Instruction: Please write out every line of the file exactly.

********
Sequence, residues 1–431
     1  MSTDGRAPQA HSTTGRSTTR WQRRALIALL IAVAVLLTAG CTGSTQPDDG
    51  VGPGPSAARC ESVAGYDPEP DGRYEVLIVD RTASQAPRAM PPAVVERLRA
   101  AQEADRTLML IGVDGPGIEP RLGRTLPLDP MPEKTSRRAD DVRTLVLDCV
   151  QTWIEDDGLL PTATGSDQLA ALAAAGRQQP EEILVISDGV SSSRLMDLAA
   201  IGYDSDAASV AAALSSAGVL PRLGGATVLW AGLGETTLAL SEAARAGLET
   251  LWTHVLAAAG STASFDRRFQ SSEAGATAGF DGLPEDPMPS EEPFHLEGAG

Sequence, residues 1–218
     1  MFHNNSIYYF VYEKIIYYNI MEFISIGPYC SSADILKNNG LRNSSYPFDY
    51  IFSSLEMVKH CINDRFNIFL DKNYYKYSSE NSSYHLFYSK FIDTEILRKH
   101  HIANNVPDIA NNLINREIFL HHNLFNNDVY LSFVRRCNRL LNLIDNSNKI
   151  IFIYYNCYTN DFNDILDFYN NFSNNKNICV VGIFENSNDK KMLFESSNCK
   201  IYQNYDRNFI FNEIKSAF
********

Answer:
Sequence, residues 1–431
     1  MSTDGRAPQA HSTTGRSTTR WQRRALIALL IAVAVLLTAG CTGSTQPDDG
    51  VGPGPSAARC ESVAGYDPEP DGRYEVLIVD RTASQAPRAM PPAVVERLRA
   101  AQEADRTLML IGVDGPGIEP RLGRTLPLDP MPEKTSRRAD DVRTLVLDCV
   151  QTWIEDDGLL PTATGSDQLA ALAAAGRQQP EEILVISDGV SSSRLMDLAA
   201  IGYDSDAASV AAALSSAGVL PRLGGATVLW AGLGETTLAL SEAARAGLET
   251  LWTHVLAAAG STASFDRRFQ SSEAGATAGF DGLPEDPMPS EEPFHLEGAG

Sequence, residues 1–218
     1  MFHNNSIYYF VYEKIIYYNI MEFISIGPYC SSADILKNNG LRNSSYPFDY
    51  IFSSLEMVKH CINDRFNIFL DKNYYKYSSE NSSYHLFYSK FIDTEILRKH
   101  HIANNVPDIA NNLINREIFL HHNLFNNDVY LSFVRRCNRL LNLIDNSNKI
   151  IFIYYNCYTN DFNDILDFYN NFSNNKNICV VGIFENSNDK KMLFESSNCK
   201  IYQNYDRNFI FNEIKSAF